New Technology Helps Improve Doctors’ Precision

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CANADA  --  New technology at a Canadian hospital is helping surgeons' precision.

The McGill University Health Centre is the only hospital in North America with this technology, and as NBC's Dan Spector reports, doctors doctors say it will make surgeries safer.

"So this is something we call augmented reality and it's something that's really new in our field, and this is actually the first unit in North America that's able to do that," said Dr. Marc Tewfik.

With this technology, surgeons like Tewfik can create a roadmap that allows for better precision than ever.

Chantay Rose was injured in a skiing accident, and suffered a fracture under her eyelid, a broken nose, and a torn tear duct. She has had operations to repair the fractures, but now needs surgery to fix the torn tear duct. In order to get access, doctors need to go in through her sinus--something that is never simple.

"We're always close to a lot of important structures when we're navigating the sinuses. We have the eyes which are right next to it. We have the floor of the brain right on top of it. We have very large vessels, the internal carotid arteries in the back, in the optic nerves in the back," said Tewfik.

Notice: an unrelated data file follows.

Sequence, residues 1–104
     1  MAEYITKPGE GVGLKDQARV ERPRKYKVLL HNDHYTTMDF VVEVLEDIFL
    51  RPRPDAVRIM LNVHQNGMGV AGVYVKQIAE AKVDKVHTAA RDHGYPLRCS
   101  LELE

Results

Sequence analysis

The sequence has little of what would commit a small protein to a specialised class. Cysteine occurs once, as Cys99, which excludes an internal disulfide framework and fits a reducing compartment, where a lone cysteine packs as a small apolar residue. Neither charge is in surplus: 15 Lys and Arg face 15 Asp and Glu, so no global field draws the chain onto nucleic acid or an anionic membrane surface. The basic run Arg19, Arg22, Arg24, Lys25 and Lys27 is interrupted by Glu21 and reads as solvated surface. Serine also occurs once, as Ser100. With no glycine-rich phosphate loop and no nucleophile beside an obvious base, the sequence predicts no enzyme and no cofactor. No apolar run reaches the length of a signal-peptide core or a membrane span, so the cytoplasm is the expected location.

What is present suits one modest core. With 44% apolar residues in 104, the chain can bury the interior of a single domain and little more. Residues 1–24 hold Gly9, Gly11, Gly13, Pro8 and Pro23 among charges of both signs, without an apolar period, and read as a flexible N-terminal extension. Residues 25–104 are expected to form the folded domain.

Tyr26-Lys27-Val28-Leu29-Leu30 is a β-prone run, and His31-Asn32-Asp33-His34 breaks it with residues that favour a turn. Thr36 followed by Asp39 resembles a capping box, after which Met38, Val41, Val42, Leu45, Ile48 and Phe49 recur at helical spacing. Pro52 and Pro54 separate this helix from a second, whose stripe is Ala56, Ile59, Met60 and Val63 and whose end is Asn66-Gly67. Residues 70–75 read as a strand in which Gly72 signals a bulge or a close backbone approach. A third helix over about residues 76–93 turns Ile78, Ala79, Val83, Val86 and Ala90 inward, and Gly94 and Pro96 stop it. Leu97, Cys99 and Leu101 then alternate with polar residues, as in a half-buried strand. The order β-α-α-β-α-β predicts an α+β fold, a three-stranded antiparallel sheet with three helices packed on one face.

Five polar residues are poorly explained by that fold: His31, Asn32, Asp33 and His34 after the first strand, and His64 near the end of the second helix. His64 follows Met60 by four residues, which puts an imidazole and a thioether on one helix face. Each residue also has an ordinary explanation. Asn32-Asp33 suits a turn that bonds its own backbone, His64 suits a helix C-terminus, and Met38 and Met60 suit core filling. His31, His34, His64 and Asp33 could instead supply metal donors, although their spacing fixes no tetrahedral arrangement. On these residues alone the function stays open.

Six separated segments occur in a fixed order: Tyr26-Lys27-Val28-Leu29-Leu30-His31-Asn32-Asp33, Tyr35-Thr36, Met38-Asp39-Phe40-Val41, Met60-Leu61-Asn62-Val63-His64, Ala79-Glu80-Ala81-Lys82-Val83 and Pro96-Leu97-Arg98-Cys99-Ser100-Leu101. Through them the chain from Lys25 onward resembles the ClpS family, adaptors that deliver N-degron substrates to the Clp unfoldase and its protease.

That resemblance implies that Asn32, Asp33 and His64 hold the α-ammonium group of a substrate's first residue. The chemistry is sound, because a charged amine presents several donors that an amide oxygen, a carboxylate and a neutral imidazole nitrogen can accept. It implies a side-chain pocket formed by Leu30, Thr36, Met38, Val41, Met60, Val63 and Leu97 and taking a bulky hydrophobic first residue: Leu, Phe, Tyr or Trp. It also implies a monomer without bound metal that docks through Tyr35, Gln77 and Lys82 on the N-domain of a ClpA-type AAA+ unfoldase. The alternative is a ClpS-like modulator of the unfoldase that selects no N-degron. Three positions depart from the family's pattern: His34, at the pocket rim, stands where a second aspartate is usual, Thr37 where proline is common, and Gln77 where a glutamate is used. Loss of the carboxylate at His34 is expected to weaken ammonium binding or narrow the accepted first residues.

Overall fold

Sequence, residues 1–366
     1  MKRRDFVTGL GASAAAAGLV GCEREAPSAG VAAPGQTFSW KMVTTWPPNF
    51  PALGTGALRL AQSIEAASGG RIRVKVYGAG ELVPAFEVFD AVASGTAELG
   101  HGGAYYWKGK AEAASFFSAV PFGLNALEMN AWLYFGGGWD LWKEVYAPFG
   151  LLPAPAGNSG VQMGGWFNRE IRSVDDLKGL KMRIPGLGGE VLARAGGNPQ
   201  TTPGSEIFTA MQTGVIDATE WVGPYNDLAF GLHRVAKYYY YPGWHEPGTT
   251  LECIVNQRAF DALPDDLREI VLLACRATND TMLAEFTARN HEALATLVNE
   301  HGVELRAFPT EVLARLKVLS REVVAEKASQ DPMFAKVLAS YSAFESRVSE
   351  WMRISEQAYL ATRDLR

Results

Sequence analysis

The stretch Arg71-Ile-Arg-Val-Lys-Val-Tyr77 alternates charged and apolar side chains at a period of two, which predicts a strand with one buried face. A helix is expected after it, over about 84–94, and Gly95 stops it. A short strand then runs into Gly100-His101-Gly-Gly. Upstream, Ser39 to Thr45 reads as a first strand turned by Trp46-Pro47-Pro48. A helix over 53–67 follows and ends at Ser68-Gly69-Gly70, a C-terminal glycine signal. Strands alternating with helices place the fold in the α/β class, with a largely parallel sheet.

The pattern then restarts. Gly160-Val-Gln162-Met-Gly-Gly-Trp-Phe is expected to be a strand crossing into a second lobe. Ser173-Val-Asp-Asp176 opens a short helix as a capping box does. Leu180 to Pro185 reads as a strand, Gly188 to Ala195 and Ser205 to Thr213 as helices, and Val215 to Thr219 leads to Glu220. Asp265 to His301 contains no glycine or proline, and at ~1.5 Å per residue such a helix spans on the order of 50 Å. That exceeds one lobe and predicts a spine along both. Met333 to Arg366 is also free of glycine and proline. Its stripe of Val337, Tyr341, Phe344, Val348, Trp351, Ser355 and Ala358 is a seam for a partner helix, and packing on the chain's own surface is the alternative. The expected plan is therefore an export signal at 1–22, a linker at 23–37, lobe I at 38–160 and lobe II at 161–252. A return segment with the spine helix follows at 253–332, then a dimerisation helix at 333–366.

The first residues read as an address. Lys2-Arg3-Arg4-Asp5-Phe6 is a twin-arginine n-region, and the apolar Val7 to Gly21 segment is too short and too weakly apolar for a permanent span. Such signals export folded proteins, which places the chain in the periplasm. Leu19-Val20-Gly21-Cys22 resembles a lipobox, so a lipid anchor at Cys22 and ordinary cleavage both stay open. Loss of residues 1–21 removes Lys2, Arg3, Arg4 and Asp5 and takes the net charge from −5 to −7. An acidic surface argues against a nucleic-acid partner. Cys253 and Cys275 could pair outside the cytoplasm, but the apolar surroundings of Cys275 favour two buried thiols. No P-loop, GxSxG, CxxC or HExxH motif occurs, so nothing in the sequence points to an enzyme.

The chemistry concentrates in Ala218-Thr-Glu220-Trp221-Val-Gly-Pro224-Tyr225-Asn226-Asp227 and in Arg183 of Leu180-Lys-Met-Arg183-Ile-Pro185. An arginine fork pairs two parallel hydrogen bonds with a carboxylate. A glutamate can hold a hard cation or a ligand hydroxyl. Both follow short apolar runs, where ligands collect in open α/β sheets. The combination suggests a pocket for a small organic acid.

But now, Doctor Tewfik can perform what's called target guided surgery. When going up the patient's sinus, doctors can watch on a screen right in front on them. The technology overlays virtual squares and circles that represent the path through that specific patient, because they're based on actual 3D scans of the patient's head. This way, the doctors know exactly where to go and how to get there.

A small mistake in a sinus surgery can lead to serious consequences like permanent double vision. Doctor Tewfik says this new technology makes surgeries safer.

"This will give us an extra safety to identify the patient's anatomy and make sure we're staying away from those danger zones. And able to do the surgery safely and completely."

The new tool can also be used for educational purposes.

Doctors at the hospital have performed only about a dozen surgeries like this, but expect the number to grow.